OGJ Washington Editor
WASHINGTON, DC, Apr. 1 -- The US Bureau of Land Management reached a $2.1 million settlement with Berry Petroleum Co. in what the federal agency said was the largest civil penalty agreement in its history. The Mar. 31 settlement resolved a dispute over submission of inaccurate site security diagrams for oil production facilities on federal and Indian lands in Utah, BLM indicated.
It said that a joint investigation by BLM and the US Department of Interior inspector general’s office found that from 2005 to 2007, a Berry employee had installed disabled equalizer valves on 154 well sites in Utah’s Brundage Canyon area. BLM’s regulations governing proper operation of the valves help to ensure an accurate accounting of production volumes, it noted.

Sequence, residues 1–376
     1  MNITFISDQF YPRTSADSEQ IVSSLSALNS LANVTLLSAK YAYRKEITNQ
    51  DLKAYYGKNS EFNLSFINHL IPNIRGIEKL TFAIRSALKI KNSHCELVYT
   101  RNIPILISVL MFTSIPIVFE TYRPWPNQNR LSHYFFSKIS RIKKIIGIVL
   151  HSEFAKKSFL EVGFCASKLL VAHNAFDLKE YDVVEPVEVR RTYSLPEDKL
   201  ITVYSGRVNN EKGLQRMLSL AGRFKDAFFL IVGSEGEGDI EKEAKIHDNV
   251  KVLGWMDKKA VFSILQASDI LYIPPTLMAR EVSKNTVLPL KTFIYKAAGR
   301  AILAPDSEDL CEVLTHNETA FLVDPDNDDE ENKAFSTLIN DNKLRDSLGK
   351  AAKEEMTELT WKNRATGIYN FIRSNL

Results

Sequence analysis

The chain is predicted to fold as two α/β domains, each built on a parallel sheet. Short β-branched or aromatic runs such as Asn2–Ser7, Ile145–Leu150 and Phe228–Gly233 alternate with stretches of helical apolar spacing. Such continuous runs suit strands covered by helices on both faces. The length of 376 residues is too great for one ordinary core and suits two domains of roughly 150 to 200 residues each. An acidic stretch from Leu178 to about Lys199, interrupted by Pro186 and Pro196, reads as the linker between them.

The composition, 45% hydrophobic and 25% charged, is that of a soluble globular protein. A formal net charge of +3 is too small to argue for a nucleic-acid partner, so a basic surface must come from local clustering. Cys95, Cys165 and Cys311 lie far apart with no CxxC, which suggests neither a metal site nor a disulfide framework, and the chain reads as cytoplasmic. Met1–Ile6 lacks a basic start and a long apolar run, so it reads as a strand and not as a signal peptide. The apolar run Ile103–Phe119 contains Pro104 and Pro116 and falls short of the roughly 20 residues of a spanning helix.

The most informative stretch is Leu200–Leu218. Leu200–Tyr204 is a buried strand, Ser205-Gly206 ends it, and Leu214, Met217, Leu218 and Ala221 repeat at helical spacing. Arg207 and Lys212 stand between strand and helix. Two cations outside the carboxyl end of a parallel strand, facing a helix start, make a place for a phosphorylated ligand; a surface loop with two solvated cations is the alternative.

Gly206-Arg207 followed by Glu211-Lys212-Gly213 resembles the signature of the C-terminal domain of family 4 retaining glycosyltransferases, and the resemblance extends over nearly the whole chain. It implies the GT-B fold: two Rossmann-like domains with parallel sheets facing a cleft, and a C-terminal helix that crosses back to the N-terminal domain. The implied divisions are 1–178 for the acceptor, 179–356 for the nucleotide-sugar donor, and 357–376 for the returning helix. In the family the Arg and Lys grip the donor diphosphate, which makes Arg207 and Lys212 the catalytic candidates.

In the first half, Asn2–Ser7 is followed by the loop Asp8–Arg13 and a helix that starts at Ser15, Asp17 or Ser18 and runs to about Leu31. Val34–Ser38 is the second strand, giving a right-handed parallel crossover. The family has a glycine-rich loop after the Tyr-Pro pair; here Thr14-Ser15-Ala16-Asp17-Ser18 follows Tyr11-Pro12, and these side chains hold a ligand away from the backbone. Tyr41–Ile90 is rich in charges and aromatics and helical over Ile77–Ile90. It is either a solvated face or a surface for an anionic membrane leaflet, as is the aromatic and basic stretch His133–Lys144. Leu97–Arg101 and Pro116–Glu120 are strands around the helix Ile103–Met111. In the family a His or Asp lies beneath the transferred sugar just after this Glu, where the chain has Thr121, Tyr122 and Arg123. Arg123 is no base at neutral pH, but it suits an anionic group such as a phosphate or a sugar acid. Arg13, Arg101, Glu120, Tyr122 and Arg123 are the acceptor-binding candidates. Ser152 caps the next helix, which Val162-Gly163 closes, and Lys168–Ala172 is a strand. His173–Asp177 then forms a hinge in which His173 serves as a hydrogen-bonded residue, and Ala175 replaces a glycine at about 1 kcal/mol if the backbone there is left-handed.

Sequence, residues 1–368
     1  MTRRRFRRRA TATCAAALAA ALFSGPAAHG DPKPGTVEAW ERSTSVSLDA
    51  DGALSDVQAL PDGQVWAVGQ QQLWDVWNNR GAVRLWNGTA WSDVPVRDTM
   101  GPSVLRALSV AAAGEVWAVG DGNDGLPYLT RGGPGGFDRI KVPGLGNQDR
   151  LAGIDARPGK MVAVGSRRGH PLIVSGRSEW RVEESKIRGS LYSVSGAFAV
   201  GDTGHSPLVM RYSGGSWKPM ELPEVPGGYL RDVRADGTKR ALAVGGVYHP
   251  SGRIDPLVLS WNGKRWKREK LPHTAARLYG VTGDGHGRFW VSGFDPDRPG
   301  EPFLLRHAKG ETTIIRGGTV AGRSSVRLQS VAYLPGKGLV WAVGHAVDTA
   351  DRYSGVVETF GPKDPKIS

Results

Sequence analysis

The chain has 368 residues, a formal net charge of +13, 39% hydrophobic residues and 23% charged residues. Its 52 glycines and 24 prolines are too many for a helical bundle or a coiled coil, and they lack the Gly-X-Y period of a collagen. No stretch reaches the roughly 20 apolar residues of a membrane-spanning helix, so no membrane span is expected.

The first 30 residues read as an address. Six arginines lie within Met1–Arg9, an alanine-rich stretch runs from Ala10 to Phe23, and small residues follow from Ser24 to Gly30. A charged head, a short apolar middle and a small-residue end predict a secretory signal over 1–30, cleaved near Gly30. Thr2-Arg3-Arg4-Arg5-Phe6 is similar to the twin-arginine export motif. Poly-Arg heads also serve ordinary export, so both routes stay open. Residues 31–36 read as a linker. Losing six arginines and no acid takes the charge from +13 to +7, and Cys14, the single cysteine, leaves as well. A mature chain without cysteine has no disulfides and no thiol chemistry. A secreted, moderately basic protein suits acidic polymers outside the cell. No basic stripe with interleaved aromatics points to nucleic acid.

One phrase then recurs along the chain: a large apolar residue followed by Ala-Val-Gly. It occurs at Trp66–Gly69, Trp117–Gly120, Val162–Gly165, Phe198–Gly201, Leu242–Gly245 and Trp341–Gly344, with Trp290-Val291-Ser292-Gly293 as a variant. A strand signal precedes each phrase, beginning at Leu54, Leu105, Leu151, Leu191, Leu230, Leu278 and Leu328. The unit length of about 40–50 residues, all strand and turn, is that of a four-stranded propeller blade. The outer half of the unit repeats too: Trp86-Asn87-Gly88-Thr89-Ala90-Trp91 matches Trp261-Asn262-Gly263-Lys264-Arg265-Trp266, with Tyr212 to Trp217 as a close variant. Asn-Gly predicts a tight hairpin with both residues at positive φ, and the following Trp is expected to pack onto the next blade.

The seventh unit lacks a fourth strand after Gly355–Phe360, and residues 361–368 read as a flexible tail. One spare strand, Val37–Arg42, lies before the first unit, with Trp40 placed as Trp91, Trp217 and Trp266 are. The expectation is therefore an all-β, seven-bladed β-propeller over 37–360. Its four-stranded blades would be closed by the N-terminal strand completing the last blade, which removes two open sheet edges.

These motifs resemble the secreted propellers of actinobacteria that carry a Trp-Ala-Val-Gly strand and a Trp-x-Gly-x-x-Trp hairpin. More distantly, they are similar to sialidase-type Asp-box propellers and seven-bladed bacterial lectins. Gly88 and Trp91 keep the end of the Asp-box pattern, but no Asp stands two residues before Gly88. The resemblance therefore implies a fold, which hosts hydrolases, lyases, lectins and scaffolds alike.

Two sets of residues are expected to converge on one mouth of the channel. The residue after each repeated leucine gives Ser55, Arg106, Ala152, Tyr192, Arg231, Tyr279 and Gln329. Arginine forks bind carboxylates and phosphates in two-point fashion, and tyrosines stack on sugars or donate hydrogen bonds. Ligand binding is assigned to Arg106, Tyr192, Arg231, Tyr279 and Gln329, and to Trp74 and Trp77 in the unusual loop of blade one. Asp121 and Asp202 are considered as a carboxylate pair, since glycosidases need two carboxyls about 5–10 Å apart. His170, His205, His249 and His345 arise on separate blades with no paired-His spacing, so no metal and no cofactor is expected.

The investigation found that the employee, who BLM did not identify, also prepared 140 diagrams that incorrectly showed the equalizer valves would be sealed closed when the storage tanks were in the sales phase. The stated motivation of the Berry employee who had the disabled valves installed was to avoid overflow spills from the tanks, according to BLM.
It emphasized that the investigation found no evidence that Berry’s senior management knew that the valves were disabled or the diagrams were incorrect. The Denver-based independent producer replaced the disable valves with functioning units once BLM notified it of the problem, it added.
There was also no evidence of loss of oil or of royalty revenue, nor harm to the environment, as a result of the violations, BLM said. Berry did not immediately respond to OGJ’s request for a comment on the matter.
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BLM announces record settlement in oil site security dispute